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September 11, 2008
Surrey 171 for 7 (Newman 58, Ramprakash 55*) trail Hampshire 480 for 8 dec (Pothas 137*, Mascarenhas 99) by 309 runs
Surrey are in danger of the rare achievement of finishing a Championship match with no points after they collapsed in the face of Hampshire's sizeable total. Even though they collected two bowling points, their slow over-rate could see them deducted and unless the first innings passes 200 there won't be any batting rewards. The only points then on offer would be for the draw, and that is looking a long way off.
The damage was done by a mixture of probing swing and spin bowling, poor shot selection and a crazy piece of running between the wickets. James Tomlinson continued a productive season with two wickets, Imran Tahir took his impressive tally to 35 in three games with three more scalps, and Mark Ramprakash - unbeaten on 55 - was left feeling he'd seen it all before. That's because he has.
Despite Ramprakash passing fifty for the fifth time in six innings (he has converted the others into hundreds) Surrey are still 160 short of saving the following on. Tahir, who has played a key role in rejuvenating Hampshire's season, is finding some assistance from the pitch as well as the batsmen and Surrey's escape route could rest with the weather. But even if it allows them to save the match, their season is beyond redemption.
Hampshire declared on their overnight 480 for 8 after rain delayed the start until 2.15pm and there was early movement with the new ball. Chris Tremlett dropped a touch short, but Dimitri Mascarenhas found a testing line and removed Matthew Spriegel as he pushed forward and got a low edge to Nic Pothas.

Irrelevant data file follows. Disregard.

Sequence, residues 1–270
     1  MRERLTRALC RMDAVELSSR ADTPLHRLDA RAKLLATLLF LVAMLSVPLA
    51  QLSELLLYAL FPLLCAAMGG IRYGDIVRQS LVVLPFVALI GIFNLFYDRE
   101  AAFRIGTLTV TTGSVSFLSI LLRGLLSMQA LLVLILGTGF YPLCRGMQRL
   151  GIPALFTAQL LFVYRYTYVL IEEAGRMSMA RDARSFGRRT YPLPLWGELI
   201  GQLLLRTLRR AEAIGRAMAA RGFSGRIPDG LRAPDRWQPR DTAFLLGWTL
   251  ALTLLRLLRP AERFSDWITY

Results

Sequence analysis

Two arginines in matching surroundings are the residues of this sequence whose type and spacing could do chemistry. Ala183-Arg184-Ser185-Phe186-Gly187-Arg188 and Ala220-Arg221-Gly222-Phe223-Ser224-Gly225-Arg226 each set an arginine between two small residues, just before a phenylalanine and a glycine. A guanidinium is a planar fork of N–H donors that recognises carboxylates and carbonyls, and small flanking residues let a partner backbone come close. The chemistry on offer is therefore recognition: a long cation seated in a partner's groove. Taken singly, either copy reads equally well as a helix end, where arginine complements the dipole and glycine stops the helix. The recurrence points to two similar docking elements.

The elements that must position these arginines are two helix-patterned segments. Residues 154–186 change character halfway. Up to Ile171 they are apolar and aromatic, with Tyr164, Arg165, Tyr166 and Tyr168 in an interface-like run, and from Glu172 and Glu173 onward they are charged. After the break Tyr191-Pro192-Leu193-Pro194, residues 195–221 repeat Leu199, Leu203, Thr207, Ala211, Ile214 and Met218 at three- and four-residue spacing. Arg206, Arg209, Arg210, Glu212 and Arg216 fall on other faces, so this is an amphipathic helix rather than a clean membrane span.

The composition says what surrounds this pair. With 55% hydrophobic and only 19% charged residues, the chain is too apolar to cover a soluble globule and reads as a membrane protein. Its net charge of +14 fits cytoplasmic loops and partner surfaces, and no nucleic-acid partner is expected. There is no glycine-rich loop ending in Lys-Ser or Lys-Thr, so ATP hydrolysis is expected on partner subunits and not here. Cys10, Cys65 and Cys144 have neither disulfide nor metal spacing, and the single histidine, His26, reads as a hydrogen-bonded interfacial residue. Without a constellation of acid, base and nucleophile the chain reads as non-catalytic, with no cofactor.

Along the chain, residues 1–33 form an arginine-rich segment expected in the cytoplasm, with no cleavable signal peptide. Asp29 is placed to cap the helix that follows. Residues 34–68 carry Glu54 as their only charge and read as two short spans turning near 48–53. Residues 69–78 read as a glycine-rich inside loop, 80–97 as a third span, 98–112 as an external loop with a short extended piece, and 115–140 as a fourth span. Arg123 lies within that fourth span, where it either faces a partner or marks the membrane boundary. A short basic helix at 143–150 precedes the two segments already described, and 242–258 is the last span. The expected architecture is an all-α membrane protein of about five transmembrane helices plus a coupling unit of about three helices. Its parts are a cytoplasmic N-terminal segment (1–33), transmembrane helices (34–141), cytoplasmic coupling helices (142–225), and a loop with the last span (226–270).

Scott Newman dominated the early scoring, picking off regular boundaries - some convincing, others not - as he rattled to a 59-ball half-century, while Ramprakash settled in for what Surrey needed to be another long haul. The pick of Newman's 12 fours was a dismissive back-foot drive off Tomlinson, but two balls later he showed exactly why Surrey are in such a dire position by slapping a similar shot to cover point.
Surrey didn't need to offer Hampshire any more of a helping hand, but from his second ball Jon Batty had a mental block, pushing into the covers and racing off for a non-existent single to Michael Carberry, one of the best fielders in the country. A direct hit from Carberry, from about 20 yards, made it a no-contest and Surrey were slipping fast at 78 for 3.
Ramprakash fought hard and had to be watchful against the left-arm swing of Tomlinson. He and Afzaal brought some calm to the innings with a stand of 45, but Tomlinson made the breakthrough when Afzaal played across the line. Alex Tudor came in at No. 6, ahead of James Benning who was off the field injured yesterday, but couldn't open his account before lunging forward to Tahir and being given lbw.
Benning made his slightly belated appearance, but a skittish 18 off 20 balls did nothing to help Surrey's cause. A wild drive at Tahir won't have endeared him to Ramprakash, either, who was losing partners rapidly. A long tail was well exposed as Tahir bounded in from the Vauxhall End with the skip and loop that accompanies so many Asian spinners. He was bowling with such control, and Hampshire were so dominant, that at times he had six men around the bat.
One of those fielders, Sean Ervine at leg slip, held the catch to remove Saqlain Mushtaq from an attempted lap-sweep. Ramprakash survived until the close, but he struck a rather forlorn and detached figure at the crease. It's hard not to feel a little sorry for him.
Also, most brothers in a Test XI, and the fastest to 20 ODI centuries